Robyn Gardner's Sister To Have Human Bone Found In Aruba DNA-Tested

The bone was found during a recent search for Natalee Holloway.
Robyn Gardner has been missing in Aruba since August 2011.
Robyn Gardner has been missing in Aruba since August 2011.

Scientists soon will be able to compare DNA extracted from a human bone, found during an investigation into the disappearance of Alabama teen Natalee Holloway, to missing Maryland native Robyn Gardner.

“I am going to submit my DNA in the next few days to see if there is a match,” Gardner’s sister, Danielle Colson-Unglesbee, told HuffPost.

The human bone was found during the filming of a TV series on the Oxygen network called “The Disappearance of Natalee Holloway.” The show followed the missing teen’s father and private investigator T.J. Ward while they chased leads in Aruba.

Earlier this month, DNA testing ruled out the bone being Holloway’s.

“It is a single individual [to] whom we believe there is a Caucasian European ethnicity attached,” Jason Kolowski, a former forensic laboratory director of the D.C. Department of Forensic Sciences, told HuffPost.

Gardner is one of at least four Americans who have gone missing on the Caribbean island in recent years.

People have long drawn comparisons between the cases of Gardner and Holloway. The American tourists both vanished from the same small town in Aruba.

Holloway, 18, from Mountain Brook, Alabama, disappeared on May 30, 2005, while celebrating her high school graduation with classmates in Aruba. She was last seen leaving an Oranjestad nightclub with 17-year-old Dutch honors student Joran van der Sloot. Police have repeatedly questioned him about Holloway’s disappearance.

Gardner, of Bethesda, Maryland, was last seen on Aug. 2, 2011, at an Oranjestad resort and casino. The 35-year-old had been traveling with Gary Giordano, then 50, who she’d reportedly met through an online dating website. Giordano, a Maryland businessman, told police they were snorkeling in the typically tranquil waters off Baby Beach when Gardner was swept away by strong currents.

A photo of Gary Giordano that was released by the Aruban authorities on Aug. 11, 2011.
A photo of Gary Giordano that was released by the Aruban authorities on Aug. 11, 2011.
Aruba Police

Neither woman’s body has been found and no arrests have been made in connection with their disappearances.

Van der Sloot, who was named a suspect in the Holloway case, is behind bars in Peru, where he is serving a 28-year prison sentence for the 2010 murder of 21-year-old Peruvian business student Stephany Flores Ramírez.

Giordano, who has always maintained his innocence, was initially held in Aruba on suspicion of involvement in Gardner’s presumed death. He was later released due to a lack of evidence.

The bone found during the filming of “The Disappearance of Natalee Holloway” was discovered by Gabriel Madrigal, an “informant,” and John Ludwick, a friend of van der Sloot, according to the TV series.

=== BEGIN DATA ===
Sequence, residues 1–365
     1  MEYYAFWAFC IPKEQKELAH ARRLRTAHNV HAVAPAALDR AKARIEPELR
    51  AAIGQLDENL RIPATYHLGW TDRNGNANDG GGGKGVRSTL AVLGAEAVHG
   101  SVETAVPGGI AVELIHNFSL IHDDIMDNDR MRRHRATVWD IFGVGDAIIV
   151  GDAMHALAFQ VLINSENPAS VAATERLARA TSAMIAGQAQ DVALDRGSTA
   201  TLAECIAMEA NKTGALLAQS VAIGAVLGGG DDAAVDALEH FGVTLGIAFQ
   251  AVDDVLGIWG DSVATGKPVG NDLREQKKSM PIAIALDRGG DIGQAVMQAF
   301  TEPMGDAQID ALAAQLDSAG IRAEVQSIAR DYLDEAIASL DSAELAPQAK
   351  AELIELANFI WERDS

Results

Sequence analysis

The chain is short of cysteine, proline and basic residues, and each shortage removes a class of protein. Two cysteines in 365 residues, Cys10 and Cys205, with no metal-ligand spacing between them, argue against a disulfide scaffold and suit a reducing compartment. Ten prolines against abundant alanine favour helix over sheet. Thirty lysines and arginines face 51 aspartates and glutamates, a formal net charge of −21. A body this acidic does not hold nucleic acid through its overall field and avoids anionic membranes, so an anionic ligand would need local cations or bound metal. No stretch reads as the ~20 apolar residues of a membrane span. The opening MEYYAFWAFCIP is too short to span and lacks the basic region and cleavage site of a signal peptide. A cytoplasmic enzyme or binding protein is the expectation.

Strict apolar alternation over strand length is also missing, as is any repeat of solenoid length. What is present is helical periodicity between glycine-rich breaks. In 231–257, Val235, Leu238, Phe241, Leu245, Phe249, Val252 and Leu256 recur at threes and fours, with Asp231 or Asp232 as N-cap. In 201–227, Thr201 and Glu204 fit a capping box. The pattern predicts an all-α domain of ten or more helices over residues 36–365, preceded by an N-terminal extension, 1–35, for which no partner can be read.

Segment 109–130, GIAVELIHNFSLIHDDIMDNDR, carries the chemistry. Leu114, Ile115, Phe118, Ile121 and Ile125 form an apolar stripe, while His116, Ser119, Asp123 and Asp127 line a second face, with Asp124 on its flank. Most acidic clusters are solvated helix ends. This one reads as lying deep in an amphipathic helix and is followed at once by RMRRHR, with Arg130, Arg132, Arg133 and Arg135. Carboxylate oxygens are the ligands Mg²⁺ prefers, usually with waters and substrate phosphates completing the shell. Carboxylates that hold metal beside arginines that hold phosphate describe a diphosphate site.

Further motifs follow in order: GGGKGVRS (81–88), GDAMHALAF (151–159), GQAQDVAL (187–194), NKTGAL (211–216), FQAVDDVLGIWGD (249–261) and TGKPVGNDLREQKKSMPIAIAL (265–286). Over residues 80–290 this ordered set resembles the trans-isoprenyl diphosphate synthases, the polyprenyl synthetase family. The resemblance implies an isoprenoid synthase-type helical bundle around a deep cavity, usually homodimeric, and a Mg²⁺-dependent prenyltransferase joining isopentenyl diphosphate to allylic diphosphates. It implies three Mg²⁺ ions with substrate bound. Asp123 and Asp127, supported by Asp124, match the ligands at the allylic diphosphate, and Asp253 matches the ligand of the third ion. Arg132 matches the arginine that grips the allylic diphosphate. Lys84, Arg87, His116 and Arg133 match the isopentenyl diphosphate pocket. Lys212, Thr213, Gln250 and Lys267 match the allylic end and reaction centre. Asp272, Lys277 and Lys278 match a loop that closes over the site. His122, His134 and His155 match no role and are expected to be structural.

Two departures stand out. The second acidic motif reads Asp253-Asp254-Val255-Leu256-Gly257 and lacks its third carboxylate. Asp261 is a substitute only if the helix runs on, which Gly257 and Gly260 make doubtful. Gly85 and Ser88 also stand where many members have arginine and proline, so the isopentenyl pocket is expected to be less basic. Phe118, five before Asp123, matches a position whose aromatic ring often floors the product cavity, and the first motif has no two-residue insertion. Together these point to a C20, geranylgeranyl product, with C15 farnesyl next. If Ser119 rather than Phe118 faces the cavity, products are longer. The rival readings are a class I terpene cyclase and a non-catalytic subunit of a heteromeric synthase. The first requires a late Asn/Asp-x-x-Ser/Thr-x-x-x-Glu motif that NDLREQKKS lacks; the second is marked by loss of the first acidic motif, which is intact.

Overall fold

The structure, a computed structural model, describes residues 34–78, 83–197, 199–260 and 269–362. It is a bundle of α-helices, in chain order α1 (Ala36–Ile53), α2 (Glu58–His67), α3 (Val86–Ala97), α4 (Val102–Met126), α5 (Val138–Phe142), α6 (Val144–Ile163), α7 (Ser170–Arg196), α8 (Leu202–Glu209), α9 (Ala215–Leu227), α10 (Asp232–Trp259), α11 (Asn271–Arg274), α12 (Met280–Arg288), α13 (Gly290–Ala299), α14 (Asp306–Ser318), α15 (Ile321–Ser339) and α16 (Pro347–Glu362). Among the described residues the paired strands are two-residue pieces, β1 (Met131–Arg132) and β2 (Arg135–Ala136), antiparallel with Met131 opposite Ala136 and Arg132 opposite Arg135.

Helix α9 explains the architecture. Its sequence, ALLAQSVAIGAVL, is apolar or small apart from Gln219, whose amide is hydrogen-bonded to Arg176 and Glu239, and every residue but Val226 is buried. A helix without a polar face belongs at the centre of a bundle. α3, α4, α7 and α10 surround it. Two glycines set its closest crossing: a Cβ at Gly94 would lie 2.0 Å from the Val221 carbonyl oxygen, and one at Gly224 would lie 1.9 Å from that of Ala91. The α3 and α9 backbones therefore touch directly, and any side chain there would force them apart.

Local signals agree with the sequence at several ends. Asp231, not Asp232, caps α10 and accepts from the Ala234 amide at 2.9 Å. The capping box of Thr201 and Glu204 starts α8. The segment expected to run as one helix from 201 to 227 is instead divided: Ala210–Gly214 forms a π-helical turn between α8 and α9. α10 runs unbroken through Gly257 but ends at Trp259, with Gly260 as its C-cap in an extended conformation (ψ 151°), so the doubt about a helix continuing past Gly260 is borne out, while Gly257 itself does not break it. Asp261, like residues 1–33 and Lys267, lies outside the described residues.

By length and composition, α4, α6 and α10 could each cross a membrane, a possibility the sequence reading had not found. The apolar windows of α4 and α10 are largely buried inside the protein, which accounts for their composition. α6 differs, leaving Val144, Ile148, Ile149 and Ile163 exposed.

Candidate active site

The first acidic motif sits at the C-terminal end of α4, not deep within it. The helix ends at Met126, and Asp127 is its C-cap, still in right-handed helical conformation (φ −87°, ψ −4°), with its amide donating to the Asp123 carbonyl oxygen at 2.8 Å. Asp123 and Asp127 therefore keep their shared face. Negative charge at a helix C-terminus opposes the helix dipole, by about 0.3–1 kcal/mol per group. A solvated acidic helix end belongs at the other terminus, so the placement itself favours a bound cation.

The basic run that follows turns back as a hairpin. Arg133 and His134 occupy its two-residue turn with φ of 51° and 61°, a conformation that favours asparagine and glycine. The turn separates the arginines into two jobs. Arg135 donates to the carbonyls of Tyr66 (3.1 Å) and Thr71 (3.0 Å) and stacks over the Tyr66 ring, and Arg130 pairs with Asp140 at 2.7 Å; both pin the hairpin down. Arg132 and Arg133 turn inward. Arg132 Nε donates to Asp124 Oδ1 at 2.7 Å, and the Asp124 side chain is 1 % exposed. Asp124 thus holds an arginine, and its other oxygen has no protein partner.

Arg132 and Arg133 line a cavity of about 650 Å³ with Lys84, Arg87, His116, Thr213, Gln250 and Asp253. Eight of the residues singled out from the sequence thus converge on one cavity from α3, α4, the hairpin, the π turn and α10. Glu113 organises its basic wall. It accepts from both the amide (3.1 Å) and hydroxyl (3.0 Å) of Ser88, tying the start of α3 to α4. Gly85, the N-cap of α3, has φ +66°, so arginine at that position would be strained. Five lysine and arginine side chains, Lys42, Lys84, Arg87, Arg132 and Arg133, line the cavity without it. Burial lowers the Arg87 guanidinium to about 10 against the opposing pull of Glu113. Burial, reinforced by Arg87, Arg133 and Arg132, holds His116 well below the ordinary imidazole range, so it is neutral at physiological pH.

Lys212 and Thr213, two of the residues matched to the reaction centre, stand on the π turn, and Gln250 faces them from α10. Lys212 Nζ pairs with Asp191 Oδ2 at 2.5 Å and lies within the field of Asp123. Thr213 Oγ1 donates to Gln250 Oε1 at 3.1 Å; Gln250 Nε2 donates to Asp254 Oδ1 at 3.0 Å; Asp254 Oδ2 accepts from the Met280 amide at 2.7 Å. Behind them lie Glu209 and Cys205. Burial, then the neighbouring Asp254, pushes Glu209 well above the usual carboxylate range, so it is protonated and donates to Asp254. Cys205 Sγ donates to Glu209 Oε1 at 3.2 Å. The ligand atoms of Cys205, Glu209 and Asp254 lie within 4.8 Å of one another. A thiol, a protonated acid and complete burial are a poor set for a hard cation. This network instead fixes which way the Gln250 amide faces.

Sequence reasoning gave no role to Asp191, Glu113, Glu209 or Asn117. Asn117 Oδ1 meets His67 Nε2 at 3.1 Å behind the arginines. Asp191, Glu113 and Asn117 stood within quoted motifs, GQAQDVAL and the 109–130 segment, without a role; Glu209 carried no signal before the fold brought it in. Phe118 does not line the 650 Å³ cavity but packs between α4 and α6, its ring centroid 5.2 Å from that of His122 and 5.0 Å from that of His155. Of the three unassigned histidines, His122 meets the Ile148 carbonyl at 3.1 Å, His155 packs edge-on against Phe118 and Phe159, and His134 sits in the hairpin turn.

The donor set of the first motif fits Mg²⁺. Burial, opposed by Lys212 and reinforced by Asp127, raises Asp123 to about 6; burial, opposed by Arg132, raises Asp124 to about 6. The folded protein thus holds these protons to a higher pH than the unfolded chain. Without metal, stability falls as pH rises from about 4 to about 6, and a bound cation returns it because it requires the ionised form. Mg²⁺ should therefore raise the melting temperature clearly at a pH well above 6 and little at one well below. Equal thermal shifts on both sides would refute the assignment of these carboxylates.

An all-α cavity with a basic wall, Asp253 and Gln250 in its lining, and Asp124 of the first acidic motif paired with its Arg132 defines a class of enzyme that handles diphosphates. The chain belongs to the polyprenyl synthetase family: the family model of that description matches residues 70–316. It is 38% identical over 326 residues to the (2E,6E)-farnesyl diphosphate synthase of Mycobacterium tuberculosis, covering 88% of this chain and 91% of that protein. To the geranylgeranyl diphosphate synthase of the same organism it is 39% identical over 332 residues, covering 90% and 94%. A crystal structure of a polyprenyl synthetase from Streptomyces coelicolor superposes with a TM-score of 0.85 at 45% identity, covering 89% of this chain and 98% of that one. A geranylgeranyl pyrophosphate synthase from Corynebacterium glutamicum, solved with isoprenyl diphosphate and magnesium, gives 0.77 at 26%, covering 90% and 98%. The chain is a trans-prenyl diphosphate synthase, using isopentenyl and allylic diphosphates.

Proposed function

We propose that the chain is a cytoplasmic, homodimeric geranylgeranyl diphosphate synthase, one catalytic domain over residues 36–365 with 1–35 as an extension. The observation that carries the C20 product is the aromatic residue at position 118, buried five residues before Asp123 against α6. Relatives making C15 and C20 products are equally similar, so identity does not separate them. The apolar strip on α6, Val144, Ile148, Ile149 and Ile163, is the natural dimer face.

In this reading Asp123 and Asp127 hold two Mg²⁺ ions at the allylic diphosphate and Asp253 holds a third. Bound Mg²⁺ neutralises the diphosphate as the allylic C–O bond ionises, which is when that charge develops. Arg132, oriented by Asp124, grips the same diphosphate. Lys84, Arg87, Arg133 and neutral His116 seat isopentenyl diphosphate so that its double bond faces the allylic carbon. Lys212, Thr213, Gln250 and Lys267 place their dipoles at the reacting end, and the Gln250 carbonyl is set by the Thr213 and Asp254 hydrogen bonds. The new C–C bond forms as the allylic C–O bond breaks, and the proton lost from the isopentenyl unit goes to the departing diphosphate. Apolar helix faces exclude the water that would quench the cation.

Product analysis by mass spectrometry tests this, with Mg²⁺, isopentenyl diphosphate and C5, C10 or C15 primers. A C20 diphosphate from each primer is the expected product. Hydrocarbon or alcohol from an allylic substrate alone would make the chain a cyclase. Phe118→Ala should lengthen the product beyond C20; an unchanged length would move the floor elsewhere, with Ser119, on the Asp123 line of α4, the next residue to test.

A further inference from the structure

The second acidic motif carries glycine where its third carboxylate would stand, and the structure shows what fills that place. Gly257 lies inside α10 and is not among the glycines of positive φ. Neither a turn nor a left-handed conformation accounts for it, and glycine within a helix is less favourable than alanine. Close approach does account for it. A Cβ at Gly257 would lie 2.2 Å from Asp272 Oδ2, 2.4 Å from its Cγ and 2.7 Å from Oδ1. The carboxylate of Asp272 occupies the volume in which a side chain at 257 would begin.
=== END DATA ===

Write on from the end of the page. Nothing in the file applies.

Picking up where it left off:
The TV show offered a theory that John Ludwick, left, helped suspect Joran van der Sloot hide the remains of the Alabama teenager.
The TV show offered a theory that John Ludwick, left, helped suspect Joran van der Sloot hide the remains of the Alabama teenager.

In the Oxygen series, Ludwick said he helped dig up and dispose of Holloway’s remains years after her death. It was Ludwick and Madrigal who provided four bone fragments to authorities. Of them, only one was human. The other three were found to be animal bones. It’s unclear where the bones originated.

During the TV series, Madrigal said Ludwick told him several stories, including one that indicated the remains had been buried in an Aruban pet cemetery.

When Holloway was ruled out as a match, Internet sleuths were quick to point out similarities between the pet cemetery story and a report about Gardner’s death. That report surfaced in an October 2011 article by The National Enquirer, which claimed authorities received “an anonymous but credible phone tip” that she was buried in a dog’s grave.

While the similarities in the two stories are undeniable, it’s just as likely that Ludwick was aware of The National Enquirer story.

In the event the bone does belong to Gardner, authorities will be very interested in speaking with Ludwick and Madrigal, according to Ward.

“If those remains come back and [are] linked to Robyn Gardner and they were in their hands … I guarantee the FBI will snatch ’em up,” Ward told HuffPost last week.

Contacted by HuffPost on Thursday, Madrigal said he’s not concerned with Ward or the FBI.

“There is a catch to all this,” he said. “Nobody knows this because they’re all too fucking stupid to listen. Yes, [Ward] is a private investigator, but he don’t know his ass from his face. Does he know where the bones came from? No. Did he bother to ask? No. If he had a fucking clue he would know all this shit.”

Madrigal now claims Ludwick told him the bones came from a particular spot in van der Sloot’s yard, before a cement slab was poured in that area sometime in 2005. Madrigal said he’s already provided that and other information to the FBI.

“The FBI knows everything I do – every move,” Madrigal said. “The only thing the FBI has said is, ‘Gabriel, you’re fucking crazy.’ But I believe I’m going to find her. [Ludwick] gave me a lot of hints. He gave me 12 clues. I put the clues together and I know. I’m going to do this. I won’t quit.”

While the TV series appears to have created more drama than it did actual evidence as to Holloway’s whereabouts, Gardner’s sister is hoping it will ultimately lead to answers in her sister’s case.

“I have hope that this may be Robyn’s remains and that my family can find closure,” Colson-Unglesbee told HuffPost. “I think about Robyn every day and will continue to think about my memories of her for the rest of my life.”

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